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DVD Review: Backdraft 15th Anniversary Edition

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It’s hard to believe that it’s been 15 years since Backdraft first captivated audiences with its gritty glimpse what city firefighters face every day. Brought to life through the stories of the brothers McCafferty, Backdraft captivates from the first scene to the last, especially now in all of its digitally remastered glory.   

Steven (Kurt Russell) plays the all-American boy who grew up to be the hero his fallen father once was.  Having idolized his dad as a child, Steven was destined to follow in his father’s boot steps and join Chicago's bravest. But when his flighty younger brother, Brian (William Baldwin), passes his training after quitting years before and chasing a string of failed careers, Steven pulls some strings to get him assigned to his unit — so when Brian falls again, Steven can do damage control.

As a rash of arsons begins to obsess Steven’s every thought, the fire itself becomes the star of the film. The first time I saw the movie, I thought that the idea of causing a back draft as an arson technique was pure genius — a fire that is fueled by oxygen, that is in control until you try to fight it was such an irony and an idea I hadn’t heard of before.

still from Backdraft | hosted by TinyPic.comSteven finds himself in the middle of a dangerous as he works with Donald Rimgale (Robert De Niro), a fire investigator with the Chicago Fire Department, works to figure out who is behind the fires. The rivalry between brothers builds, romances ignite and intrigue escalates as the twisty ending leaves you wondering whether a real crime has been committed.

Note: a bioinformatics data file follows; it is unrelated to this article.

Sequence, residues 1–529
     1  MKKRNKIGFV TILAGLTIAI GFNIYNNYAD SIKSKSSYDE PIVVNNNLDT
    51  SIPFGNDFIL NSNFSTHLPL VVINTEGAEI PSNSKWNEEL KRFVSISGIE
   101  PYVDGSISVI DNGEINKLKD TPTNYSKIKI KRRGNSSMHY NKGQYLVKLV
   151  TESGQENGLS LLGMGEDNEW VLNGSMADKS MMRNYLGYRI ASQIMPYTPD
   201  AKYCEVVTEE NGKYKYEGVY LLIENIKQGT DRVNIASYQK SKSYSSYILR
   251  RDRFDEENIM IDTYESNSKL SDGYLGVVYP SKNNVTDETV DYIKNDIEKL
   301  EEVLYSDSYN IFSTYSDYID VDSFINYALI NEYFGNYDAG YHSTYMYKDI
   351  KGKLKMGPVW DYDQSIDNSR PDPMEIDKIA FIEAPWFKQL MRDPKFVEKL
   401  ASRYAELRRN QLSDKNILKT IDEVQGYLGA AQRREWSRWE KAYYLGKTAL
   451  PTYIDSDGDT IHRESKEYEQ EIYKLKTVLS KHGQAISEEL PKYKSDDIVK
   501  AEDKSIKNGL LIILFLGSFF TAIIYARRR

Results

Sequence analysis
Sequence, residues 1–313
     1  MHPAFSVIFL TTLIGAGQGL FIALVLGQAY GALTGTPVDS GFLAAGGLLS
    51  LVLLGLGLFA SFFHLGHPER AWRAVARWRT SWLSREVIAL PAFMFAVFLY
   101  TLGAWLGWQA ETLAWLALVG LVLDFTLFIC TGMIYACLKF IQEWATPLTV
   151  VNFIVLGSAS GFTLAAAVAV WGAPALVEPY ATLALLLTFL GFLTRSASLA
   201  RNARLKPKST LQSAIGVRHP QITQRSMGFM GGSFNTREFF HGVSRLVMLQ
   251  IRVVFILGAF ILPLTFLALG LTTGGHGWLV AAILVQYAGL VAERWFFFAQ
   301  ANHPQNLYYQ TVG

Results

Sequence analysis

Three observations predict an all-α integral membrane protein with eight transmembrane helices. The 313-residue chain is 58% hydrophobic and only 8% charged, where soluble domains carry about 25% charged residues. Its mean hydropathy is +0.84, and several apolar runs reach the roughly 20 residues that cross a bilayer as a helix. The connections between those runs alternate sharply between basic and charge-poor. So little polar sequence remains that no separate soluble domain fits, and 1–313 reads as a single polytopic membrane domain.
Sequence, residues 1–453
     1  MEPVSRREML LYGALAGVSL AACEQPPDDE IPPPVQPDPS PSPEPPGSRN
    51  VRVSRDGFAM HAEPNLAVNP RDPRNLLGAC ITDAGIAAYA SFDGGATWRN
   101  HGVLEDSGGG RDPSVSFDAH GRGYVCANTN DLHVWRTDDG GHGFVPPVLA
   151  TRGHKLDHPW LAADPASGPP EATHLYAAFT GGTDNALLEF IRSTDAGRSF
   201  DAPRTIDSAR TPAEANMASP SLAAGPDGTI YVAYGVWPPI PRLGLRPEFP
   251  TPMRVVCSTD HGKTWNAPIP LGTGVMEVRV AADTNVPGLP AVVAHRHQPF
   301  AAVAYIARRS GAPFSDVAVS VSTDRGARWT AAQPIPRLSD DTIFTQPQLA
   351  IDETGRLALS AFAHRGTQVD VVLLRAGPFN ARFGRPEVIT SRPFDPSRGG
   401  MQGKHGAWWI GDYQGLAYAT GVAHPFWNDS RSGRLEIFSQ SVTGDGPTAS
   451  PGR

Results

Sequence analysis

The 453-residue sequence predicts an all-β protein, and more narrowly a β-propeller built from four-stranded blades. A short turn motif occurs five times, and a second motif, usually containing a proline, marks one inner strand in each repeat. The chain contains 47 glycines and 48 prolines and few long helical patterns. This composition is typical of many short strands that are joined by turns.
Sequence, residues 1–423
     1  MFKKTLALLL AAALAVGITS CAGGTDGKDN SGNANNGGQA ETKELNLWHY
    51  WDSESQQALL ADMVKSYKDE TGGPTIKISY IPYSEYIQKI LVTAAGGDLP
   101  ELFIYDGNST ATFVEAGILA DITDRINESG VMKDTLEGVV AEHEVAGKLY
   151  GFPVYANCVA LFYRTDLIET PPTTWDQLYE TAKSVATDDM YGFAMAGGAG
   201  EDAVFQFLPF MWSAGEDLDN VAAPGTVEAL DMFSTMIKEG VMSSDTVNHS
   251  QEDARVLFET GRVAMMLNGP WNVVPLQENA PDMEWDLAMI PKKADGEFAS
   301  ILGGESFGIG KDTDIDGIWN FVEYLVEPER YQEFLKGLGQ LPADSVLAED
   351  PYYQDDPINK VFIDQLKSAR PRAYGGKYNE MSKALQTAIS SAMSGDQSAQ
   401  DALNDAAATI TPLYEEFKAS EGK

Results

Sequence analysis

Howard did a superb job bringing the fire to life in this film and this DVD brings the viewer into the story of the film’s evolution. The first disk in this collector’s edition offers little more than the movie itself. Howard’s introduction gives you a taste of what’s to come on the second disk, but the over 40 minutes of deleted scenes did not do much to enhance the story.

The second DVD offers most of the bonus features you’ll want to spend your time on, including: 

  • "Igniting the Story" – Howard, Academy Award®-winning producer Brian Grazer and others discuss the evolution of the film from script to screen
  • "Bringing Together The Team" – From the casting room to firefighter clinics see how Howard brought together a talented team of actors and real-life firefighters. 
  • "The Explosive Stunts" – Filmmakers reveal the state-of-the-art technology and heroic stunts that created the explosive action of the film. 
  • "Creating the Villain: The Fire" – See how an overwhelmingly talented team of special effects creators and stunt coordinators worked together to bring the fire to life. 
  • "Real-Life Fireman, Real-Life Stories" – Get an insider’s perspective on what it takes to be a firefighter in this round-table discussion with the crew of Station 73, Santa Clarita.

Oftentimes the additional features with anniversary re-releases don’t offer much to the viewer. But this is far from the case with Backdraft. The film itself is so driven by the drama of the characters and personality that envelops the fire, features like the real life stories of the Santa Clarita fire crew and “creating the villain” give a wonderful perspective that reinforces your admiration and respect for the film.

Bottom line: Great movie and even better DVD.  

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About Robin Kavanagh

  • Brent McKee

    Quick correction. It wasn’t Steven McCafferty who rode with their father the day he died and was immortalized on the cover of Life Magazine, it was the younger brother Brian. All of which helps to explain why Brian’s later life was so screwed up.

  • Robin Kavanagh

    Thanks for the heads up. Guess that’s what you get when you write tired! All fixed.